Randee: There was a simple moment last night that interrupted me as a choreographer, and it was really great. I gave a direction, and the actors reacted differently than the dancers; they used their voices. I hadn’t even thought about those possibilities as responses to my direction. It took me into a very different realm and made me realize how the dancers I work with can get locked into a way of working. But I actually feel more differences with Eric. Even though we’re both choreographers, we are on pretty opposite ends of the spectrum when it comes to creating movement. Kent brought up meaning in movement, but each minor change in movement intention has meaning. To me it’s so critical, to the point where I can get bogged down. It’s endless. It’s like word choice. And it’s all meaningful.

Eric: Whereas to me, several similar movements could all mean the same thing; it’s about the energy and quality of the people doing them. I work with such a diverse group of people that everybody can’t physically do the movements the same way.

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John: You get different cultures within each theater ensemble too. It has to do with whatever lineage you’re coming from in your art form. The question then is: how do you mash it together with your collaborators? What we’re finding is there are so many ways to juxtapose and crash the movement into whatever story is happening. It creates something unexpected and really exciting.

Dance and theater are different languages with different training mechanisms. How do you navigate the various backgrounds of the performers?

Eric: For me, it’s about getting to know each other over a long period of time. I know now, to certain degrees, how Randee, John and Kent work. I know what kind of work is important to them because we have a working relationship spanning 10 years. But we’re at the beginning of understanding each other, even now. Or, for example, Keith Penney in Dandelion is an accomplished musician who has worked with me for years. He’s learned how to navigate communicating with me about music. We have a joke; when he asks me what key something is in, I say, ‘Kuper’s G minor,’ and he’ll listen and figure out what key it’s actually in. But it took us a long time to get to that point of mutual understanding.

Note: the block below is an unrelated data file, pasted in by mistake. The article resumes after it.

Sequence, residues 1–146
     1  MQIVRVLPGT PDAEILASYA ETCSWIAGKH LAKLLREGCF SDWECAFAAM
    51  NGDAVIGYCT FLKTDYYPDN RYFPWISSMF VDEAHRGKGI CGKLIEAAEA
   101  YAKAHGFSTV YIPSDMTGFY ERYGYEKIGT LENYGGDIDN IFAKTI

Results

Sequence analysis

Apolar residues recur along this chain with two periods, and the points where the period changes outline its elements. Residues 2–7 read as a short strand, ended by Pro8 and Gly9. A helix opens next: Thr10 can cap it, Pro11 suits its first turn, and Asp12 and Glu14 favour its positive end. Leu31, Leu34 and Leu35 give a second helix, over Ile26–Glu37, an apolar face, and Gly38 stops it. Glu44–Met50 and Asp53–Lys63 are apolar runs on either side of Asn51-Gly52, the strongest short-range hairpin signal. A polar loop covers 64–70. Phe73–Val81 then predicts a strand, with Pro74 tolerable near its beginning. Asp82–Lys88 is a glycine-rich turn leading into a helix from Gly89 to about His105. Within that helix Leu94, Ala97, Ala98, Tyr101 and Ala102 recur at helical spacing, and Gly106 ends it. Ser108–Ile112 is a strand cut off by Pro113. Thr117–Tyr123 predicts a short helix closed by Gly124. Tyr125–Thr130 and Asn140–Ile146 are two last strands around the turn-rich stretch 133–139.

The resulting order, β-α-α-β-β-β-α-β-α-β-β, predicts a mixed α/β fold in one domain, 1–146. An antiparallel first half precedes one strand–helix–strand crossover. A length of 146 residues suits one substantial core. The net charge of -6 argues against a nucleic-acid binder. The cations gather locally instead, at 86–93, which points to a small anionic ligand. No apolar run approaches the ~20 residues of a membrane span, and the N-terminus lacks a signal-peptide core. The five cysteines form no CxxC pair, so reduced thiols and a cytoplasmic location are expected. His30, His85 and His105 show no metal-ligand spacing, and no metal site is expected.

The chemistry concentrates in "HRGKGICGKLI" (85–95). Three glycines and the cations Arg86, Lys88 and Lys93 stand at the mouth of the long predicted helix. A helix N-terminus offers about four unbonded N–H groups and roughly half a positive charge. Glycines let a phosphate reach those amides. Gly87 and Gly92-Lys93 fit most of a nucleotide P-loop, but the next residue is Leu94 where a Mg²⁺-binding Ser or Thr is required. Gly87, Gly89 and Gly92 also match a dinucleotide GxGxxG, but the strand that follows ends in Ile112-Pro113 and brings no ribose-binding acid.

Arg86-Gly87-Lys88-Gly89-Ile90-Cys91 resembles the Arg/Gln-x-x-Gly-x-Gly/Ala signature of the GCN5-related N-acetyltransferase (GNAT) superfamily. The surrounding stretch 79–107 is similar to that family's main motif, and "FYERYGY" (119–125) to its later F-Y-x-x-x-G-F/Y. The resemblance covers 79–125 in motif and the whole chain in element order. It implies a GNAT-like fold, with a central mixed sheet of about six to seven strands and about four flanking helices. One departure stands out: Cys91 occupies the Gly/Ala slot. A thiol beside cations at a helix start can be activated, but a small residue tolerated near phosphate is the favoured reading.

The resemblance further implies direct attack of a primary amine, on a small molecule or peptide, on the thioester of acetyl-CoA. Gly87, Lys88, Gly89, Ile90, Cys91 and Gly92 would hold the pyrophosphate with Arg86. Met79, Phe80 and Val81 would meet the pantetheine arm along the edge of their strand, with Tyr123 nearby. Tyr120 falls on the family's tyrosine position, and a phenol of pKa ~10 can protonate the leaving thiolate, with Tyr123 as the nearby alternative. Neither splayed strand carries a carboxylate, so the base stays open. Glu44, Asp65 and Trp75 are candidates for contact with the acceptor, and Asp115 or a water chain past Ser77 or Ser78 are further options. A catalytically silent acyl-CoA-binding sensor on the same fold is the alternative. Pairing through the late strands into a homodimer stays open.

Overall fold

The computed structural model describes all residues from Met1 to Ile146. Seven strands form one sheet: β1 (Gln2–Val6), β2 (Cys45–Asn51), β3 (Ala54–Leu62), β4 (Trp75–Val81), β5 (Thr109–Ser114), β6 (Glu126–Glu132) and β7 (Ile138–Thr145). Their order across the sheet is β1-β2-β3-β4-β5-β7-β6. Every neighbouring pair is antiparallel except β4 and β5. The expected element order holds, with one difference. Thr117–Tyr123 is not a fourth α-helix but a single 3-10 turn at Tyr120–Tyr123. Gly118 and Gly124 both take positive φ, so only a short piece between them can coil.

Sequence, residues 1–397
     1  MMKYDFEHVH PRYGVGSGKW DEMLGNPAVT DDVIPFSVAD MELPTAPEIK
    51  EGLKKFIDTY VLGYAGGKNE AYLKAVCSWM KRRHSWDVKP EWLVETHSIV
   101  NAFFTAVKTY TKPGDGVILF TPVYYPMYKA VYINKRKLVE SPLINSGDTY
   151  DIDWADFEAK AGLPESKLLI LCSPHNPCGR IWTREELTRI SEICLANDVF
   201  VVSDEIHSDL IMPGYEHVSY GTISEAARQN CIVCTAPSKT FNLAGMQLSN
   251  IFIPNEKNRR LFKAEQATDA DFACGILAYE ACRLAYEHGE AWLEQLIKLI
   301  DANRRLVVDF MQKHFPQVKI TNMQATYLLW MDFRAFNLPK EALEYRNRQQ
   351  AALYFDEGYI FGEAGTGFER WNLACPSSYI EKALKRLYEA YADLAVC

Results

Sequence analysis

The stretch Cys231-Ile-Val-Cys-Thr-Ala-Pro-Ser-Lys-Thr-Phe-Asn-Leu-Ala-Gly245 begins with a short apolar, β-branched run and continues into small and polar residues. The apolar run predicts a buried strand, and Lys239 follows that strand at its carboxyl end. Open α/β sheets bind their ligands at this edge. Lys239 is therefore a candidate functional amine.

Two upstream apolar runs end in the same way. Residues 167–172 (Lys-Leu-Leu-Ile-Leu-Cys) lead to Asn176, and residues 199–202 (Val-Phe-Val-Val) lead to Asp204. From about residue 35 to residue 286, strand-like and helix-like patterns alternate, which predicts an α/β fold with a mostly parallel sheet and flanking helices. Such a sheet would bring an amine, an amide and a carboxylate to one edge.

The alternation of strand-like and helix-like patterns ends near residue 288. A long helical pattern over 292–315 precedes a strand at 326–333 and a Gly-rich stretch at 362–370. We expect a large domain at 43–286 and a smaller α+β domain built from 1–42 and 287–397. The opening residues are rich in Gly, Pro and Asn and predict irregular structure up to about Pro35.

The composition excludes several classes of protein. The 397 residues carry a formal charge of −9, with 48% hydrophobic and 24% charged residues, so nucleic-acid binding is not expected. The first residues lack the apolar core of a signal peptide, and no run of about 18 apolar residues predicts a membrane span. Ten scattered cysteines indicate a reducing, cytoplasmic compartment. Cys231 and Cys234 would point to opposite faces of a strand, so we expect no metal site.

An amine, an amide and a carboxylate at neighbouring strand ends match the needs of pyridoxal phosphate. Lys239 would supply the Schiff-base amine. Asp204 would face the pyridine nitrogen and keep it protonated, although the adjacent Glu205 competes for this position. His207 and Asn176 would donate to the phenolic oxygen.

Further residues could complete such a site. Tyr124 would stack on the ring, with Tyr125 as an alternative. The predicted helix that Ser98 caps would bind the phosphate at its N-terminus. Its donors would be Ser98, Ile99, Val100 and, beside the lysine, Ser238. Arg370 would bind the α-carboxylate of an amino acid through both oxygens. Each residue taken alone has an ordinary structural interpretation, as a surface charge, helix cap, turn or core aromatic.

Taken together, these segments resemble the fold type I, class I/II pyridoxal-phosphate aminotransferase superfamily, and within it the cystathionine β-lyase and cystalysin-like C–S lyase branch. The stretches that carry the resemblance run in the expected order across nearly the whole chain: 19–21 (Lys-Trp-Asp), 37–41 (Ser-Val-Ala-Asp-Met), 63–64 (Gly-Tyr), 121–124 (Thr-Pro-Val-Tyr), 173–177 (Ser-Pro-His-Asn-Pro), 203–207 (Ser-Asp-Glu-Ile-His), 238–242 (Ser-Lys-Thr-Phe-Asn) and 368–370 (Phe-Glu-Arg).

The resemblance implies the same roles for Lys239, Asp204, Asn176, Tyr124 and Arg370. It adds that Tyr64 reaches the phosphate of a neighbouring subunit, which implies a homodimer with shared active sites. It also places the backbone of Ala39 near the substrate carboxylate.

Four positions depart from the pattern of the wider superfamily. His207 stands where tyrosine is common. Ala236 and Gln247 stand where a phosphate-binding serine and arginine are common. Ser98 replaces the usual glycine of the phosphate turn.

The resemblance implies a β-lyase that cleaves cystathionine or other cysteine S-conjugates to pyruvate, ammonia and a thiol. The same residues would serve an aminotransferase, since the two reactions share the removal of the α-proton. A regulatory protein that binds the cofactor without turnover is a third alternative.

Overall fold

Kent: Our actors are not dancers, so there’s a limitation, but in that limitation is such great stuff. The actors take the choreography and find a fascinating way to do it. You play to the strengths you have, and you recognize your limitations as well. Those limitations are sometimes where the best creativity comes from.

John: When you realize you don’t know what the other people are talking about, you stop and have a discussion. The discussions are incredible rich, because we often don’t even realize the assumptions we make. It’s nice to dig back into one’s own training and aesthetic, and find the intersection with others. Kent and I don’t come from the same training in theater; our trainings overlap to the extent we can understand each other, but there’s still negotiation.

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Eric: For me, what’s important is that I respect our differences. I respect each of the collaborators so much.


The final performances of “Blessed Unrest” will be performed in the Bay Area over the next year. The schedule will be posted on www.dandeliondancetheater.org as it becomes available, so stay tuned!

Photos by Craig Hansen